Foster can, effectively, begin 2021 with an open mind about his midfield and most probably will because none of the possible candidates currently look the total package and it may take a period of mixing and matching to stumble on the right combination.

It would be a stretch, for instance, to see Laumape as a like-for-like replacement for Goodhue. What first drew the All Blacks to Goodhue in 2018 was his distribution. Hansen famously noted that: “Jack is the best player in the country at exploiting a two-on-one.”

Laumape, for all that he has improved his passing and built some softer skills into his game, remains largely a one-dimensional player, reliant almost exclusively on his power and has yet to really convince that he’s got the variety of skills the All Blacks are looking for.

Rieko Ioane
Barely out of his teens, Rieko Ioane starred in the 2017 Lions Series. (Photo by Getty Images)

For the last four years he’s induced considerable excitement during Super Rugby, but hasn’t been able to deliver the same impact in test matches. 

Some believe that the breakthrough could come this season, however he’s been linked with a move to Stade Francais next year – and if Paris is indeed on his radar, Laumape will hold limited appeal as a player in whom the national team should invest.

Ioane, the only other player to start a test in the midfield last year, continues to be almost impossible to appraise 

As an attacking force, he’s almost without peer. Ioane is undoubtedly sharp, incredibly powerful and aware of where he can find space. 

He is a strike running centre – something the All Blacks haven’t had for an age. Stick him in the No 13 shirt and defences will have to re-think how to contain the All Blacks. He’s also an improving ball player – capable of making good passes and clever decisions.

Foster will have to decide whether he’s willing to play the long-game with Ioane and give him an extended run at centre knowing he’ll make a few mistakes as he learns his craft or continue using him off the bench while occasionally starting him on the wing.

But there are two issues with Ioane that will be making Foster wary. The first is that his natural inclination is to run and back himself and perhaps, given that, Ioane is better suited to his more regular test berth on the wing. He still seems a better finisher than creator.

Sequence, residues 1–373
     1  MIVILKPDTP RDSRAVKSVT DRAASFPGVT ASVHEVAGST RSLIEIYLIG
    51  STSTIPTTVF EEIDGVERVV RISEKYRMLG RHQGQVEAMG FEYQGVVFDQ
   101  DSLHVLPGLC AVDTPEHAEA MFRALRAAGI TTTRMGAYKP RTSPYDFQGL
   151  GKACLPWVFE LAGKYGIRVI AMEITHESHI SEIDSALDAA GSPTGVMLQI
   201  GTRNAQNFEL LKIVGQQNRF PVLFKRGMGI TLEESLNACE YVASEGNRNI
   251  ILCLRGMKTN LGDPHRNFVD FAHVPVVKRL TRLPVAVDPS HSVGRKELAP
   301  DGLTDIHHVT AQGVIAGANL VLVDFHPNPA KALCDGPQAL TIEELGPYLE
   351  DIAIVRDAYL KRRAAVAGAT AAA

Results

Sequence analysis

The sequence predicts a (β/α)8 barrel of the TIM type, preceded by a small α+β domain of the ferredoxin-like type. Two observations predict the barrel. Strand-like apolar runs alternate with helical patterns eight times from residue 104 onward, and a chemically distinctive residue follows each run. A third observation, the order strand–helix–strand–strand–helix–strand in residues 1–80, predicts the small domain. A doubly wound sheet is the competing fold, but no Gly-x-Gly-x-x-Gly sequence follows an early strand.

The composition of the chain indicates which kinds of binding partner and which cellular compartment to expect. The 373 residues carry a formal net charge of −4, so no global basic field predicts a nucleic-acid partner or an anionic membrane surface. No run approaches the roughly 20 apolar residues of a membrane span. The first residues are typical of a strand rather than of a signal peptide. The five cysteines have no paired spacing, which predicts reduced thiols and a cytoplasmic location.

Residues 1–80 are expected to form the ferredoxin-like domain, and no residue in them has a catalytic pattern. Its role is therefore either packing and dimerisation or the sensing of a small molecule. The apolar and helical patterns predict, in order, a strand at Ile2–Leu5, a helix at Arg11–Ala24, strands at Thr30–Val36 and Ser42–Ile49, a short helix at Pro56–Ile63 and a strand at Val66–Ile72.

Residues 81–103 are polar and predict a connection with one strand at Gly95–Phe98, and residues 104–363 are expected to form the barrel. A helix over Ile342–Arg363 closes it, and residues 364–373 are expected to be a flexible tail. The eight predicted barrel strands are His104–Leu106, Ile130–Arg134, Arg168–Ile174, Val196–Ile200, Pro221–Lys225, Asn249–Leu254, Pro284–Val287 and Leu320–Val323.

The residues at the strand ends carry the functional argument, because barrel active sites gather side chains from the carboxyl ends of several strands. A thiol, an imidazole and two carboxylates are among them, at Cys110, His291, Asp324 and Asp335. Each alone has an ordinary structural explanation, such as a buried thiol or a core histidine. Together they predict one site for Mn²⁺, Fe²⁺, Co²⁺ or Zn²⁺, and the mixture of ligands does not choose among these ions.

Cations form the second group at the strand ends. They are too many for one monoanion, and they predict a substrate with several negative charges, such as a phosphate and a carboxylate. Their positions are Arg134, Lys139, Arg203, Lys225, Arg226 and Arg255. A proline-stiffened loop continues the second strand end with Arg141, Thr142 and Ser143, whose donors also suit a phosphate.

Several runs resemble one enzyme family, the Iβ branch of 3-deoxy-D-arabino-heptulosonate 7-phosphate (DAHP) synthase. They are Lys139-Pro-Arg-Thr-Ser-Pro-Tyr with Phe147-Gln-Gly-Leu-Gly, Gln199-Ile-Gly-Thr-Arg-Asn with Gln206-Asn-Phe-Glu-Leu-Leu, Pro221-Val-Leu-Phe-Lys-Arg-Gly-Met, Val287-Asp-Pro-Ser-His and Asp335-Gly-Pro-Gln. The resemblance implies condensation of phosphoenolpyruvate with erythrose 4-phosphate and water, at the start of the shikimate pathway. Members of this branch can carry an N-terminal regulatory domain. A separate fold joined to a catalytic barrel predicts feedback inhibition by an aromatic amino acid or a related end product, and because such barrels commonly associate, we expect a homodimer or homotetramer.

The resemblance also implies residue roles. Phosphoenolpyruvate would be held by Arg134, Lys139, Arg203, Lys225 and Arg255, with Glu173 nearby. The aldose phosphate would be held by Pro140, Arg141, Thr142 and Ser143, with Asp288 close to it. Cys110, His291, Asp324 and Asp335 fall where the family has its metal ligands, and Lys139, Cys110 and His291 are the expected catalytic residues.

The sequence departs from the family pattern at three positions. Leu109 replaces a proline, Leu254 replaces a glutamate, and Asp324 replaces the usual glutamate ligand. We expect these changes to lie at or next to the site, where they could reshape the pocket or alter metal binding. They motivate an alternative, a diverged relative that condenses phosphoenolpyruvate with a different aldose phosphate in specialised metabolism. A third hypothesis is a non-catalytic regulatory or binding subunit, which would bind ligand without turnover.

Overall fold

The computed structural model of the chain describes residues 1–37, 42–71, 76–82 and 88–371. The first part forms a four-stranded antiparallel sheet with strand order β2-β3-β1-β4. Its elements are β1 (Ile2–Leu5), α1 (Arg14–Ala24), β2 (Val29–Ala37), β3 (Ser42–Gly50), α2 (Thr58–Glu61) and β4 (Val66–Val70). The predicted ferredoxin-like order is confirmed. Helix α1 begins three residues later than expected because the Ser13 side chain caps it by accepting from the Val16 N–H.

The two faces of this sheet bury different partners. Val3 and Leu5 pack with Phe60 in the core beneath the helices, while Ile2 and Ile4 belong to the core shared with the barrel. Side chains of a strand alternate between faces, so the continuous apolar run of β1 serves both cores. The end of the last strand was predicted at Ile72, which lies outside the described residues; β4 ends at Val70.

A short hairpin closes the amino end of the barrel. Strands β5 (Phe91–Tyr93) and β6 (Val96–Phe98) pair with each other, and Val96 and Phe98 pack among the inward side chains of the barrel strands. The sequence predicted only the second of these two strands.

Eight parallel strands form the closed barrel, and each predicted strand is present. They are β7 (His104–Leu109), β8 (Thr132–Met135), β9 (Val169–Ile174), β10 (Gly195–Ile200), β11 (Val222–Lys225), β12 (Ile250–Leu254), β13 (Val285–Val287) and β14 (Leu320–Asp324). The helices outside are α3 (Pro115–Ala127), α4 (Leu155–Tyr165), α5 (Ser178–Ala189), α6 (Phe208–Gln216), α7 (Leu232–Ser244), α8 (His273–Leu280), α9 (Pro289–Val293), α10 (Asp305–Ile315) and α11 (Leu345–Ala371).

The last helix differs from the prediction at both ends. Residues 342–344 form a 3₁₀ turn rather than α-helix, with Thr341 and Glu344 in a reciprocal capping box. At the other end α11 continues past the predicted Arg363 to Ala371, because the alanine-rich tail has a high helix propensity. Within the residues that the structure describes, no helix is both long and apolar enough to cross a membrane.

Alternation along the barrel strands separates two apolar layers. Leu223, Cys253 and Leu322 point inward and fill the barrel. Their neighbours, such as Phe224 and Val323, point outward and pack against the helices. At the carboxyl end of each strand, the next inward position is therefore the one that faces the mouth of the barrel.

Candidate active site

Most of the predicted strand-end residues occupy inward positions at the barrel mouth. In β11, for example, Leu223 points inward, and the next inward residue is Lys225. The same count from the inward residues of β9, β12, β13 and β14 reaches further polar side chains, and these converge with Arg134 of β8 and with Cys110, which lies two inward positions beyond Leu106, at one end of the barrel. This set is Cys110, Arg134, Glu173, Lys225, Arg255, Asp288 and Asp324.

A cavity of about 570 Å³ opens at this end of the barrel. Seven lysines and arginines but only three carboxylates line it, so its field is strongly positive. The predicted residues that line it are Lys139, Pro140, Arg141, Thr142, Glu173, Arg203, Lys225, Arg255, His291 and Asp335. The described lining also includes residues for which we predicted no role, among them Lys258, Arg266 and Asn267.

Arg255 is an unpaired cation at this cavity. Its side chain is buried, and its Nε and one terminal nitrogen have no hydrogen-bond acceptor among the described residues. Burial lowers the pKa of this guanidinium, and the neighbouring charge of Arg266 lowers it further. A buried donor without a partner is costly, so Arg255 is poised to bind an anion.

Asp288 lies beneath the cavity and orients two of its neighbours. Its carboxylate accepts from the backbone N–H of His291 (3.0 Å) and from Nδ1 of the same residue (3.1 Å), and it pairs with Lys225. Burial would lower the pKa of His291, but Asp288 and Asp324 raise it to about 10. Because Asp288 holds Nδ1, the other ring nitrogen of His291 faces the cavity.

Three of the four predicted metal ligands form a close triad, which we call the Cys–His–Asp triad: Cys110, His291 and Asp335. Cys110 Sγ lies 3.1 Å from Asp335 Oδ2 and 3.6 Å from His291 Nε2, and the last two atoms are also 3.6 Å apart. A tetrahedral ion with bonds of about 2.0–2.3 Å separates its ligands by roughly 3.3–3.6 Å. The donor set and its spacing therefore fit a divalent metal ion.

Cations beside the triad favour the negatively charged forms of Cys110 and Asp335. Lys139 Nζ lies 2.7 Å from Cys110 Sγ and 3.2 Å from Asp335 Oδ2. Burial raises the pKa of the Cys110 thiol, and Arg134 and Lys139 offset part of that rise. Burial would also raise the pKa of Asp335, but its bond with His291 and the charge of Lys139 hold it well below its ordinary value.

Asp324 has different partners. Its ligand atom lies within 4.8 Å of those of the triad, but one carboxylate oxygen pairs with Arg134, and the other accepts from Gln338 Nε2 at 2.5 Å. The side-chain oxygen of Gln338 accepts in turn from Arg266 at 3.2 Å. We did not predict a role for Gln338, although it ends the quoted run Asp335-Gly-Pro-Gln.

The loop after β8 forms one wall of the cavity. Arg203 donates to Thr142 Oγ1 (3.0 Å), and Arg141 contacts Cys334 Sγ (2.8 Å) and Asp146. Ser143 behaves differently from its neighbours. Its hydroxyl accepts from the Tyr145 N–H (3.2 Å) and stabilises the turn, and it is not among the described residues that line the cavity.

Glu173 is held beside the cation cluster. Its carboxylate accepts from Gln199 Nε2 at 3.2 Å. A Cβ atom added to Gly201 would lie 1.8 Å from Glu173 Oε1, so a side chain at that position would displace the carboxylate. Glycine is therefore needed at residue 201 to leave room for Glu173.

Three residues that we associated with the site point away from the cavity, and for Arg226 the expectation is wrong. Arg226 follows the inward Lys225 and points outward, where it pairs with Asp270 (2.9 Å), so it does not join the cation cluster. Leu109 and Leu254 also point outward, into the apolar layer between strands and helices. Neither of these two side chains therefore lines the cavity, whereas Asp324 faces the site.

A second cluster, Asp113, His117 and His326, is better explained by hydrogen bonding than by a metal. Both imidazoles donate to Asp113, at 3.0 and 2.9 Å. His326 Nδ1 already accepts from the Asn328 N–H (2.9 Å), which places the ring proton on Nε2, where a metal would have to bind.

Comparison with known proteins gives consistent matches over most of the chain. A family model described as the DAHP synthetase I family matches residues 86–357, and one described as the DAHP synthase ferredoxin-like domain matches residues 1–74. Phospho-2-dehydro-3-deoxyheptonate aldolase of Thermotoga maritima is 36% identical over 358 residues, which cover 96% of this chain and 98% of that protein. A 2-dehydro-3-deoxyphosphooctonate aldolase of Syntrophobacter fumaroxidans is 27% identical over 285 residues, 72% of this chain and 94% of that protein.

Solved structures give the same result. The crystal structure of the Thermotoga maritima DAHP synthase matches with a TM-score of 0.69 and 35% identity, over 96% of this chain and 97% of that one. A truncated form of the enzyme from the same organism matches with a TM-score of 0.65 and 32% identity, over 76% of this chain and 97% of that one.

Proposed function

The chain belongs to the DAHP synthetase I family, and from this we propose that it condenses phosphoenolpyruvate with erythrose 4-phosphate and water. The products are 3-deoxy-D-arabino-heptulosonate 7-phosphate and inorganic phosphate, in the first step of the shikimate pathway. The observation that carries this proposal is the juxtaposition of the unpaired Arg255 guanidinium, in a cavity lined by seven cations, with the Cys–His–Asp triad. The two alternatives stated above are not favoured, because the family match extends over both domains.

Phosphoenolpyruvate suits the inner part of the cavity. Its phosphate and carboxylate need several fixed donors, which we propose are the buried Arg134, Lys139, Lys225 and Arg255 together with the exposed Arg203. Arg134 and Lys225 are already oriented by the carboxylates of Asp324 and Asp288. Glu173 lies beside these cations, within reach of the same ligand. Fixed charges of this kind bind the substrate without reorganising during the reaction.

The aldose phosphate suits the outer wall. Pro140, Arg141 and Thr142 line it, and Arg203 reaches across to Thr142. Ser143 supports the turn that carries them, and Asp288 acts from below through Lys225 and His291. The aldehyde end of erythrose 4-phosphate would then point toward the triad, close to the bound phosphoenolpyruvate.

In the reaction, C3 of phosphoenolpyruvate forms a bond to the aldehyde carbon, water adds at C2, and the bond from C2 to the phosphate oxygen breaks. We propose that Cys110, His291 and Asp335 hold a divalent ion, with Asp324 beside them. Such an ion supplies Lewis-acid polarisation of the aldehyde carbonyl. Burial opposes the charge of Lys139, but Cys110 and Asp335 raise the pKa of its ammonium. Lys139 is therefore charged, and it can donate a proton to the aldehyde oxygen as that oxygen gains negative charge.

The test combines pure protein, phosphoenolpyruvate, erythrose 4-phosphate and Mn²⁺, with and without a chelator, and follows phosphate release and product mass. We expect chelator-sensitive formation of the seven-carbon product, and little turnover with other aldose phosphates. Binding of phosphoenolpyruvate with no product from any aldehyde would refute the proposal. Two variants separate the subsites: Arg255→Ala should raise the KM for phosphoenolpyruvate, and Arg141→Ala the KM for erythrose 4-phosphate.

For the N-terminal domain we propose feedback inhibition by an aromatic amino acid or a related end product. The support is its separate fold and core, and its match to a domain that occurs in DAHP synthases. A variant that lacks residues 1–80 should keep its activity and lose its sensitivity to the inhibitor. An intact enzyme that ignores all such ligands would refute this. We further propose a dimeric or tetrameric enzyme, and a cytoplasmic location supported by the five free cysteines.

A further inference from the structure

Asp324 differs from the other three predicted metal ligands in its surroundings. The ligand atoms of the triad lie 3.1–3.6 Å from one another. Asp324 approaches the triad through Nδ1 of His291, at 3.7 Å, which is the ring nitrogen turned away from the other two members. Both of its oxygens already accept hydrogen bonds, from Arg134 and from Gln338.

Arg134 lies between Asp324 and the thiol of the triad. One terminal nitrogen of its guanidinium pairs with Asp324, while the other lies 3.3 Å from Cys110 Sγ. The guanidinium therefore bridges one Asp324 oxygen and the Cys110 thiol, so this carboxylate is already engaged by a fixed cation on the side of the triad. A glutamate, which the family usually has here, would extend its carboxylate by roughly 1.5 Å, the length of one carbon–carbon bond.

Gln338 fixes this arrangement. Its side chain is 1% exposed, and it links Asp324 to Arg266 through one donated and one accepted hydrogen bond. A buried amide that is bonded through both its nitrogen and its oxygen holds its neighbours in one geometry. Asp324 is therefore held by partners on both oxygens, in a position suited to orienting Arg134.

Secondly, his defensive positioning remains a work in progress as was evident in Wellington last year when the Wallabies so readily dragged him to the wrong places and exploited his inexperience in the role.

Foster will have to decide whether he’s willing to play the long-game with Ioane and give him an extended run at centre knowing he’ll make a few mistakes as he learns his craft or continue using him off the bench while occasionally starting him on the wing.

What will influence Foster’s thinking on that front is the growth and development of others. Peter Umaga-Jensen won a cap last year as a no-frills, straight-running centre and is a player who looks equipped to steadily grow the finer parts of his game.

He doesn’t offer the same explosive pace or attacking thrust as Ioane, but his steady as she goes approach where he makes his tackles and hits the line hard has an attractive quality to it.

The two wildcards in this midfield puzzle are Quinn Tupaea at the Chiefs and Leicester Fainga’anuku at the Crusaders.

Leicester Fainga’anuku’s size and strength make him a menace on the left wing for the Crusaders and the potential to play in the midfield will add another string to his bow. (Photo: Joe Allison/Getty Images)

Neither are ready to play test football on current evidence but both have the physical attributes to be of interest.

Tupaea arrived in the professional ranks in 2018 with expectation seemingly having weighed him down. He had captained the New Zealand Secondary Schools team and created plenty of chatter about his potential.

A shift back to his preferred No 12 role this year has finally enabled him to deliver something close to his best form and while he has obvious work to do on his distribution and decision-making, his line-breaking and defence are among the best in the competition.

“He came in as a young bloke with some pretty high expectations externally, and sometimes when you don’t live up to them immediately, that can create a little bit of undue pressure on you, and he may have been a victim of that last year,” revealed Chiefs coach Clayton McMillan a few weeks ago.

“But, amongst one or two other guys, he never has a bad day of training, that guy. For a young guy, he’s the ultimate professional. So he’s only going to get better and better, and he deserves the rewards that he’s getting over the last few games.”

Fainga’anuku is more at home on the wing but showed against the Hurricanes in Wellington that he can be a direct force playing in the midfield and has a surprisingly deft touch.

His ability to cover two positions is his selling point rather than being an out and out centre but he’s done enough to no doubt pique the interest of Foster. That interest will have deepened after Fainga’anuku was selected to start at centre against the Chiefs in Hamilton, with Crusaders coach Scott Robertson, saying: “He’s  one that can play centre, a bit of Tana [Umaga] about him – he’s got that skillset where he can swap in and out and he’s got some really good guys around him, so David [Havili] looks after him and a couple of good wings will guide him around nicely. He’s a power 13 for us.”

In a sense there are options aplenty despite the season-ending injury to Goodhue. But none look or feel quite right or ready and it may take good luck rather than good management for Foster to stumble upon the right combination.